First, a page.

• You are usually banned from making alterations to your unit, although you can sometimes make alterations if you seek permission first and agree to pay for reinstatement when you vacate
  • Pets are generally allowed, but it depends on the type of animal and is always strictly at the village’s discretion

Elderly couple in retirement home

What happens when you leave the village?

It’s crucial to understand what will happen when you leave the village, shift into a higher level of care or pass away.

Here’s what you need to know:

  • You can’t sell or transfer the right to occupy your unit. When you leave the unit or pass away, the occupation right agreement will end and the retirement village will make arrangements to find a new occupant
  • If you decide you want to transfer to another unit in the facility, you’ll need to terminate your current agreement and sign a new one – which usually comes with financial implications
  • Transfers are dependent on availability and there is no guarantee that another unit in the facility will be vacant if and when you want to transfer. Although preference is generally given to current residents, you may need to shift to another village if the type of unit you need isn’t available at the time
  • If you vacate your unit and the purchase price paid by the new occupant is more than what you are entitled to receive, the retirement village will usually keep the profit. This is completely different to selling your own home, where the capital gains would belong to you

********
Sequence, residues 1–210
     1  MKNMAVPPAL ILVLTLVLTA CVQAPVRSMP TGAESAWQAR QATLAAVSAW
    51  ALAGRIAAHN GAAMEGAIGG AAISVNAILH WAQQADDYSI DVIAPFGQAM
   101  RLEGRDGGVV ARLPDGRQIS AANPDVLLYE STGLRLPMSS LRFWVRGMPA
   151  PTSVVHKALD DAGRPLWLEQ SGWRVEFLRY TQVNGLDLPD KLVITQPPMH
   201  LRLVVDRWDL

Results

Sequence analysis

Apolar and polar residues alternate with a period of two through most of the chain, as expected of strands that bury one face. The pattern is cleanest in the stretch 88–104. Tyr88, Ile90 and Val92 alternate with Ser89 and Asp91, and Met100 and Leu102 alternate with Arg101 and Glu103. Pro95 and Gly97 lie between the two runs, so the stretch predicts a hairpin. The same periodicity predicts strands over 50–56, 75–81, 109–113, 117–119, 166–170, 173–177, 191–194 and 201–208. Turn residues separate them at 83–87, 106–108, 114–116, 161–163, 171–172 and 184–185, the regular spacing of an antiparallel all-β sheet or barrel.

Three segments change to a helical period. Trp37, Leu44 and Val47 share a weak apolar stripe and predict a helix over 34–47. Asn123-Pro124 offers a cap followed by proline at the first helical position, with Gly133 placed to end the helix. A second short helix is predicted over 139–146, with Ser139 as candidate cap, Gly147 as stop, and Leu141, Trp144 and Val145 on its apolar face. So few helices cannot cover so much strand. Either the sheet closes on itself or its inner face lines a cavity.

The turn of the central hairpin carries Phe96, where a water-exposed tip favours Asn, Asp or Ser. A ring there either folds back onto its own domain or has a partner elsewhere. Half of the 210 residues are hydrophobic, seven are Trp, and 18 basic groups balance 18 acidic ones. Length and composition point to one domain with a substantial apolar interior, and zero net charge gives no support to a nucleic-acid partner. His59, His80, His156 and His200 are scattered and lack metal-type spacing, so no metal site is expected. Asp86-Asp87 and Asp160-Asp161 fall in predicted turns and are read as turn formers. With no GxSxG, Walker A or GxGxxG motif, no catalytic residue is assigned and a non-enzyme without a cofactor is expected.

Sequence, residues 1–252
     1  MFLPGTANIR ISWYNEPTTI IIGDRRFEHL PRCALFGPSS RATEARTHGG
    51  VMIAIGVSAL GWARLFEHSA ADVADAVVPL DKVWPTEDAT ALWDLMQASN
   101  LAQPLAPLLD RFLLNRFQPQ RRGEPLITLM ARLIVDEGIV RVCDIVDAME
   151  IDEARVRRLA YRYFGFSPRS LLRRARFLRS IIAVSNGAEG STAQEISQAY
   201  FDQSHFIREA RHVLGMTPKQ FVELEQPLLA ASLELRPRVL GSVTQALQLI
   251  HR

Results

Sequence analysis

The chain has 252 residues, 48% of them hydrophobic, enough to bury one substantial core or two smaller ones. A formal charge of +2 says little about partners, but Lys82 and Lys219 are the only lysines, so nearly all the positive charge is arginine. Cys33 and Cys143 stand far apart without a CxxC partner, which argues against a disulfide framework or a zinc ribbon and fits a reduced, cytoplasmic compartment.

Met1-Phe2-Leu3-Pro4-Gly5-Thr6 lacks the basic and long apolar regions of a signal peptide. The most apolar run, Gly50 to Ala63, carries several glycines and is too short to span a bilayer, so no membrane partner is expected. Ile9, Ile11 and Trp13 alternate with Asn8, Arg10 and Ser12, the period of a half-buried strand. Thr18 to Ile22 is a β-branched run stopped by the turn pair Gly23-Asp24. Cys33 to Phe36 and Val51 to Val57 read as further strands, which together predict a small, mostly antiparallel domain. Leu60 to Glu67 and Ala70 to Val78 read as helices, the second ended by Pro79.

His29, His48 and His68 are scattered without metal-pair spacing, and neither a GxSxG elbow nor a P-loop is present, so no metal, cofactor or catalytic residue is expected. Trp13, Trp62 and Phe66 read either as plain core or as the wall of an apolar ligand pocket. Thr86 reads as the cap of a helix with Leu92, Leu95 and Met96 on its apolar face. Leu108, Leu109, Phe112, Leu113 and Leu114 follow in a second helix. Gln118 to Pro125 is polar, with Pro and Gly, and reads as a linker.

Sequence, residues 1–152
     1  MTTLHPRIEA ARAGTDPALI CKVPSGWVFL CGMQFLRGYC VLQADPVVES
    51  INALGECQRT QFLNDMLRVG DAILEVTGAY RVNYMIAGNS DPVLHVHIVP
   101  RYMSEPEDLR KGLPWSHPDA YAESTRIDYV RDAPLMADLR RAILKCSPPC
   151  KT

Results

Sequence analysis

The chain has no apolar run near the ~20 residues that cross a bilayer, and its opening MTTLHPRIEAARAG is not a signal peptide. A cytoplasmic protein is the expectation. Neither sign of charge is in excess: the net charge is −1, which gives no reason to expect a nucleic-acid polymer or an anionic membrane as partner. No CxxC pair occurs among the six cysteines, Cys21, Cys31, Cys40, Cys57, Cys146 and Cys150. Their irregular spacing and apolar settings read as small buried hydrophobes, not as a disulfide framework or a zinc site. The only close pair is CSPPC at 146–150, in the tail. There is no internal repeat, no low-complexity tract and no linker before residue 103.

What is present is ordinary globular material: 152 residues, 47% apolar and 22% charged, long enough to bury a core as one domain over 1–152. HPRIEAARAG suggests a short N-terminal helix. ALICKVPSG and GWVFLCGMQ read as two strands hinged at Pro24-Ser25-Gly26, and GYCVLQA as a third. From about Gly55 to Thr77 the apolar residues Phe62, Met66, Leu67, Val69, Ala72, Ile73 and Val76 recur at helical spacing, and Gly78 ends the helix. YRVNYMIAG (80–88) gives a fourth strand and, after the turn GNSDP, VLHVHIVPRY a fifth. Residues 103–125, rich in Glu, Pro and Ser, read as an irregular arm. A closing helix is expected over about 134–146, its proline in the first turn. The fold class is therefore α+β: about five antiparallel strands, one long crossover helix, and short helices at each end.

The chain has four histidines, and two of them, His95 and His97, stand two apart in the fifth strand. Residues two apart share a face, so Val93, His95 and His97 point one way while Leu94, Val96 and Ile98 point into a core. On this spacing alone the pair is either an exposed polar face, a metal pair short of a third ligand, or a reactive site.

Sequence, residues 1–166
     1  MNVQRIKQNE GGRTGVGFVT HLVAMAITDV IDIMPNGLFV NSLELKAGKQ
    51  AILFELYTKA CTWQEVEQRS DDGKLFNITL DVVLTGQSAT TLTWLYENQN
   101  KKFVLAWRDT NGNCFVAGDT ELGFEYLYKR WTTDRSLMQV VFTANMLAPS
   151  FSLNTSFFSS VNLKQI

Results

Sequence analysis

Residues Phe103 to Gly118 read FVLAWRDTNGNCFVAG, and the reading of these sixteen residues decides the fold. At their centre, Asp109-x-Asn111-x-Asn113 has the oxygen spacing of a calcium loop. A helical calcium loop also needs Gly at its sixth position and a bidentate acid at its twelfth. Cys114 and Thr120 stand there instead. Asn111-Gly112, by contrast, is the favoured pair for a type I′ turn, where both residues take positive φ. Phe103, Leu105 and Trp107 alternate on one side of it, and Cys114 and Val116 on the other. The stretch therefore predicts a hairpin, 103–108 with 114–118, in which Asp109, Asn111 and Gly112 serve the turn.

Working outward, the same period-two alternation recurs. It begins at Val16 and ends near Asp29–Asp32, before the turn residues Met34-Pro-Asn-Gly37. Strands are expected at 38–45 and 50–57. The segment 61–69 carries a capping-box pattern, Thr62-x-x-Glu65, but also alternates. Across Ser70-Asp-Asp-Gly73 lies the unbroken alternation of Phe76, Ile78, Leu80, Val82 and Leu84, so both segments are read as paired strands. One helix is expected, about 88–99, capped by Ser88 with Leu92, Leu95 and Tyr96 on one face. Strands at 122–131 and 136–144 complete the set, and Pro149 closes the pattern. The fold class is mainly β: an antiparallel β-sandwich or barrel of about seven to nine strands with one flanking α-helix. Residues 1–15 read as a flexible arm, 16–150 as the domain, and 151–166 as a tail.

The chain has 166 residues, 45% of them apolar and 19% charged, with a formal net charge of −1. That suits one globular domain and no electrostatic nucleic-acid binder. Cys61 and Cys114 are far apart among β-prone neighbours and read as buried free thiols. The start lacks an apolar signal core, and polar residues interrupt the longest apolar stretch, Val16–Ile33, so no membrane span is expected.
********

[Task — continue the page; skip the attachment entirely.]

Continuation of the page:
• It’s important to be aware that you – or your estate, if you’ve passed away – will not be repaid the full purchase price (i.e. the lump sum initially paid for the unit) when you leave. Most contracts allow the village to make a fixed deduction from your purchase (also known as a facilities fee, village contribution or deferred management fee). This deduction accrues during your occupancy and is usually capped at 20-30% of the purchase price. When you leave the unit, you’ll be repaid the purchase price minus the deduction. So when you vacate the village, you won’t receive all your money back – you will likely receive a sum significantly less than the price you paid for your unit
  • You or your estate will need to continue paying the monthly/weekly outgoings (covering expenses such as insurance and rates) after you leave. The monthly/weekly payments will remain your responsibility until the village has found a new occupant for your unit
  • Sometimes an occupation right agreement requires you to pay for refurbishment when you leave
  • You will generally only be repaid once the new occupant of your unit has paid their purchase price to the retirement village

Retirement villages are governed by the Retirement Villages Act 2003 and the Code of Practice 2008. Therefore, occupation right agreements must be consistent with the regulations in this legislation. As a resident, you automatically have all the rights set out in the Code of Practice.

It’s important that you read these regulations carefully to ensure you fully understand the nature of occupation right agreements and their implications before signing one.  A copy is generally provided by the retirement village when you sign up to a unit.

If you or a family member are looking at buying into a retirement village and would like some legal advice regarding the contract, feel free to send me an email or give me a call on 09 489 9102.


Note: This post is brief and general in nature. You should not treat it as legal advice and should seek professional advice before taking any action in relation to the matters dealt with in this post. Armstrong Murray accepts no liability for losses suffered by any person or organisation who may rely directly or indirectly on this post.